Summary: We all face obstacles that block the flow of God's grace in our lives. This message is a message given during a Walk to Emmaus weekend.
Obstacles to Grace
Rev. Lynn Malone
Toby Keith has a popular song right now that I have heard several people walk around either singing or humming the words. The song is entitled I Want to Talk About Me. Have you heard it? The words to the chorus go like this:
I wanna talk about me
Wanna talk about I
Wanna talk about number one
Oh my me my
What I think, what I like, what I know, what I want, what I see
I like talking about you, usually, but occassionally
I wanna talk about me
I wanna talk about me.
We snicker because we know from the rest of the song that Keith is singing about his talkative girlfriend, and sometimes, just sometimes, he would love to talk about himself. But the words of the chorus capture in a compelling way the prevailing sentiment in our culture today. It is all about me!
Hi. My name is Lynn Malone, and I am talking today about Obstacles to Grace. Obstacles to grace are those cunning ways we have of letting the priority of self get in front of the priority of God-with-us. In essence, this is a talk about sin.
But what is sin? For many of us, sin may be hard to define, and in the world we live in today, we don’t like to talk about sin too much. After all, one person’s sin is another person’s pleasure, and who am I to judge. Just live and let live. That’s the motto of the age. But can we really deny that sin exists in our world, and if sin exists in our world, there is the distinct possibility that sin exists in my life. Therefore, I must pause to answer the question in a real way. The Bible says in 1 John 1:8 (quickview) : “If we say we have no sin, we are only fooling ourselves and refusing to accept the truth.” John also goes on to say that “if we claim we have not sinned, we are calling God a liar and showing that his word has no place in our hearts” (1 John 1:10 (quickview) ). So, what is sin?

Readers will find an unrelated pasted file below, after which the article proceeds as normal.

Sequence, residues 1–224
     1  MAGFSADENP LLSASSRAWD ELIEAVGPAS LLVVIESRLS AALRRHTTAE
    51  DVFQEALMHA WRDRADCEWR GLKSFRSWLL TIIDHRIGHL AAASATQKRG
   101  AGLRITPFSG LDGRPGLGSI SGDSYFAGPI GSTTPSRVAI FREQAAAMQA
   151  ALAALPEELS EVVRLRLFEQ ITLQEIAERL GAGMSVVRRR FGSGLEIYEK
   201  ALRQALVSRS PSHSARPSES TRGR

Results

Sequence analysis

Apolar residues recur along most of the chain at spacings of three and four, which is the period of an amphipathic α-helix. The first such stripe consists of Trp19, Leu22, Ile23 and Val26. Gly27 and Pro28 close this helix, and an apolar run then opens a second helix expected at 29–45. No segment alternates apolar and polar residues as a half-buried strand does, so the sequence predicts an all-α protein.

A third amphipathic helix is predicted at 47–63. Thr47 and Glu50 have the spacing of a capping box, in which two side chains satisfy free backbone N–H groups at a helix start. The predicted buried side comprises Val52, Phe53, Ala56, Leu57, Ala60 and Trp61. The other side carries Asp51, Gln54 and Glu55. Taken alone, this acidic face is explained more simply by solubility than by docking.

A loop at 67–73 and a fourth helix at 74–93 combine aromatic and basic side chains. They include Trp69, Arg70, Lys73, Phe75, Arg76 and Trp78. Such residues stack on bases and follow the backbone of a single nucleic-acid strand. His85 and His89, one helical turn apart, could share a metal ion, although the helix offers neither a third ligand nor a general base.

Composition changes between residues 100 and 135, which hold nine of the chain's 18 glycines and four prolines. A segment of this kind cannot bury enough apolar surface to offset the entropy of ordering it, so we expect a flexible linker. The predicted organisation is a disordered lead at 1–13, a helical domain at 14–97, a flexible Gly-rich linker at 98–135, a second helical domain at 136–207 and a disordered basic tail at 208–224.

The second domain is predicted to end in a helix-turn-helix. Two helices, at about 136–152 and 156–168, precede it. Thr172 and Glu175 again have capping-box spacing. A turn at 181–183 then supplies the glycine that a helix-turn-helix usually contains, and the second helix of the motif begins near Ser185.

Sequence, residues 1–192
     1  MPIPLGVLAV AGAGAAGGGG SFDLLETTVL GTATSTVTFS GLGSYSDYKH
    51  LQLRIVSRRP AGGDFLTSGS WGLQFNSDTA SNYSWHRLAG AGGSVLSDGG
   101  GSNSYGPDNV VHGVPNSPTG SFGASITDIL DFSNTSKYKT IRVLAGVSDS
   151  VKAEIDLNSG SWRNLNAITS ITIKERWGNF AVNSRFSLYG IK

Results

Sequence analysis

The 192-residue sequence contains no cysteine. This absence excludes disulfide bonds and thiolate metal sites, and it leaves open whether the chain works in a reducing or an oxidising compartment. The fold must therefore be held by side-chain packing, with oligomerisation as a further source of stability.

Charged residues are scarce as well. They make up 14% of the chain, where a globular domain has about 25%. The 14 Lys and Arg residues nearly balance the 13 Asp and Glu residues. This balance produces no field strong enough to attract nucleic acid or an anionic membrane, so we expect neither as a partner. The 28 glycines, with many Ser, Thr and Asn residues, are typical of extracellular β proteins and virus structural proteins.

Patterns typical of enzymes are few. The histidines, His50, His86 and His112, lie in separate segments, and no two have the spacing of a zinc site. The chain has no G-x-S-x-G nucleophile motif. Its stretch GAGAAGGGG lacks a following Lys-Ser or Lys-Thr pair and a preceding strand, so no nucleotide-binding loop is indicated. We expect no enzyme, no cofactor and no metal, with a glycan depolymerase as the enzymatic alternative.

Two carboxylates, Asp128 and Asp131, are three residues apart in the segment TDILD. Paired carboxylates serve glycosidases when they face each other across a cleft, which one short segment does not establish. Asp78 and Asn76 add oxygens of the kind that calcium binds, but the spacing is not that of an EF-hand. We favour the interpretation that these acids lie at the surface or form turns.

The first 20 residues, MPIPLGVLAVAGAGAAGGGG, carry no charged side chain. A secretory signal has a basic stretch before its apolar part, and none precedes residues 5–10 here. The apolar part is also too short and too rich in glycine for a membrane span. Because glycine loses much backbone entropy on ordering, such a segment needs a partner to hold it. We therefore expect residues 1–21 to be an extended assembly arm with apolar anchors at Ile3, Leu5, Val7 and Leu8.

The word used in the New Testament most often for sin is actually an archer’s term. When an archer would shoot an arrow and the arrow failed to hit its intended target, it was hamartia. The archer “missed the mark.” Sin is missing the mark. Anytime we fail to enjoy the loving relationship God has intended for us, we miss the mark. We sin. Whenever we abuse the created order that God has established, we sin. Whenever we reject the grace of God in our lives, or when we fail to see the potential God has placed within us, we sin. Whenever we choose our own will over the will of God for our lives, we sin. We put ourselves at the center of our own little universe. Everything revolves around me, around my wants, around my needs, we sin. We move ever so easily to the center of our own universe. All our decisions and all our relationships are dependent upon what we want or think. The most destructive factor in any relationship, especially our relationship with God, is self-centeredness. This is the essence of “missing the mark.”
We really don’t have to look far to know that sin surrounds us. The abuse and neglect of children and the elderly. Corruption in business and government, and even in the church are vivid examples of how easily sin can ensnare us. If we feel distant from God, that is a result of sin. Perhaps not our own, but maybe even someone else’s, for we do not live in a vacuum, and what we do affects other’s lives, and what others do affects our lives. Even the neighborhood bully, or for many of you, the overbearing boss, can be an example of sin in our midst. The abuse of power by one person over another is an example of sin. It is not God’s design for his creation, and it is sin. Sin is all around us, and it is an obstacle to grace.